Policy: Unless restricted by another policy, primary sources that have been reputably published may be used in Wikipedia; but only with care, because it is easy to misuse them.[4] Any interpretation of primary source material requires a reliable secondary source for that interpretation. A primary source may only be used on Wikipedia to make straightforward, descriptive statements of facts that can be verified by any educated person with access to the primary source but without further, specialized knowledge. For example, an article about a novel may cite passages to describe the plot, but any interpretation needs a secondary source. Do not analyze, evaluate, interpret, or synthesize material found in a primary source yourself; instead, refer to reliable secondary sources that do so. Do not base an entire article on primary sources, and be cautious about basing large passages on them. Do not add unsourced material from your personal experience, because that would make Wikipedia a primary source of that material. Use extra caution when handling primary sources about living people; see WP:Biographies of living persons §?Avoid misuse of primary sources, which is policy.

So it seems as far as the Haqeeqat quote is concerned, it can be included with the straightforward words of Naim (ie The following quotation from Haqeeqat (Lucknow: n.d.) conveys well the feelings at that time). So we should include it in the article like this.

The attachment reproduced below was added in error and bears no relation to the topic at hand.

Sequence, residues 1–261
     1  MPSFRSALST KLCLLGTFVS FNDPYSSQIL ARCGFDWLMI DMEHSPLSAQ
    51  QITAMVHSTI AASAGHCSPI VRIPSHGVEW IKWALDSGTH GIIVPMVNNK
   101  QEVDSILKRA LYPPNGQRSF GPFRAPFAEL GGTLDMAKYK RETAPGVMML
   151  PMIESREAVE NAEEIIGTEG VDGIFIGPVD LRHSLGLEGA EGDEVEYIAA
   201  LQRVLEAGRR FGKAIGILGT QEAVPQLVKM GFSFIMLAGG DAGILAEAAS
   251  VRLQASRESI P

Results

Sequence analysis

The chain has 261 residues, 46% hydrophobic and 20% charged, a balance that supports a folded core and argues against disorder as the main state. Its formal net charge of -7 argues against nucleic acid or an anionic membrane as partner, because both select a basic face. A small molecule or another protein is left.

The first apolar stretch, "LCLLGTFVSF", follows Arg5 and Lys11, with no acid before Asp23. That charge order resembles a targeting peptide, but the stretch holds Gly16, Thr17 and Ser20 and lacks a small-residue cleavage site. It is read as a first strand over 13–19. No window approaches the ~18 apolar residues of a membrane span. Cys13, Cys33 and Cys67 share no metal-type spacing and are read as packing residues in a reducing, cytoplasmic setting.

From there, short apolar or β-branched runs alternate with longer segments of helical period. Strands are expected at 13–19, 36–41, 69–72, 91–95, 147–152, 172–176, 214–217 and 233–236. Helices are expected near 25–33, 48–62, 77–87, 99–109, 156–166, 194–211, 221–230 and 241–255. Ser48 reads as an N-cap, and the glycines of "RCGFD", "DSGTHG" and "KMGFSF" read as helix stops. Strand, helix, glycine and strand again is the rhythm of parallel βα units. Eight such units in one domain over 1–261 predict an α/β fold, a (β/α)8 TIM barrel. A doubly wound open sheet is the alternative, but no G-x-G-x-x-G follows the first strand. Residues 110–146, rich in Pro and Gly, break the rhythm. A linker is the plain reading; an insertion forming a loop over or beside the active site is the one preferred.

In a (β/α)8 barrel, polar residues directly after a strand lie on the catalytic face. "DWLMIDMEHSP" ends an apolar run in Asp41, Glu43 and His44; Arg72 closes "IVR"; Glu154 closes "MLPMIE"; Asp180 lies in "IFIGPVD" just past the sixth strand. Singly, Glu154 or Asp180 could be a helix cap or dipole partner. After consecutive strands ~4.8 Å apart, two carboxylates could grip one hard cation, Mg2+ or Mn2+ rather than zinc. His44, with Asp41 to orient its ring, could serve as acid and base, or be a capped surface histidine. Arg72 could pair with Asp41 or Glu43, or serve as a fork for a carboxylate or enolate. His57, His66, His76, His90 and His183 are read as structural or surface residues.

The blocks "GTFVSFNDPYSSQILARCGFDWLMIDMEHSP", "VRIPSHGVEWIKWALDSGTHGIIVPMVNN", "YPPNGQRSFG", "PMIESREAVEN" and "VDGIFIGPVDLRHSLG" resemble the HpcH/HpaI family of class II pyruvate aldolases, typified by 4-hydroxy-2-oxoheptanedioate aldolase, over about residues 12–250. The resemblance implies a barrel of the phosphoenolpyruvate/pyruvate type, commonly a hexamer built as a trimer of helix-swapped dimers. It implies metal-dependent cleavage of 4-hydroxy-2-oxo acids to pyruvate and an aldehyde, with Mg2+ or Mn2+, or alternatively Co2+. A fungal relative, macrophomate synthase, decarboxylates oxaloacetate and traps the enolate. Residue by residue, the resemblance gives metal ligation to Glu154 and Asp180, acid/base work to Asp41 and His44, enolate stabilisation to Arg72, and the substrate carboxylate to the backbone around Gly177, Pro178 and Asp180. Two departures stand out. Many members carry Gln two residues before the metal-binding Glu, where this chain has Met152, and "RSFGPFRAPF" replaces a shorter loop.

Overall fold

For a majority of Indian Muslims, the pervasive mood in the days immediately after the war was a mixture of despair, confusion, and anger. According to Naim the following quotation from Haqeeqat (Lucknow: n.d.) conveys well the feelings at that time:

The chief reason for the resentment of the Muslims is that the event of the independence of Bangladesh and her severance of all ties with Pakistan was generally celebrated in India as if the 'victory' had been gained against the Muslims themselves. Insulting and provocative slogans were raised against them in public meetings in this country. A second reason is that the Muslims in general do believe that the war was primarily fought for the purpose of destroying the integral unity of Pakistan. Our Ministry of Information hands out all sorts of propaganda but does nothing to dispel the dejection and resentment of Indian Muslims" (Quoted in Sidq-i-Jadid; 21 January 1972).

Your Summary[edit]

And now we come to your summary of the Naim article. Which was a biased summary and you didn't give all the details as you should have.

Lets take a look at your Naim summary diff before I had edited it diff:

Kautilya3's summary of Naim: 'The pervasive mood among Indian Muslims was initially a mixture of anger, despair and confusion. They postulated that the war was fought primarily for the purpose of destroying the integral unity of Pakistan. The alleged prophesies of Shah Ni'matullah Wali were recalled to imply that the perceived calamity to the Muslim psyche was part of a grand scheme ordained by the Almighty God. However, once the impact of the break-up of Pakistan had sunk in, the defeat was attributed to Pakistan the country as opposed to Islam the ideology. One variety of nationalism had lost to another. The emergence of Bangladesh was seen as part of the pattern of world history, even Muslim history, similar to the separation of Sudan from Egypt or that of Singapore from Malaysia. What was unique to the case of Bangladesh was the "vastness of brutality done against innocent people." While the Muslims lamented the injury that had occurred to a united Pakistan, they recognized that there was now one more indpendent state of Muslims and wished for its success' (End of Kautilya3's quote)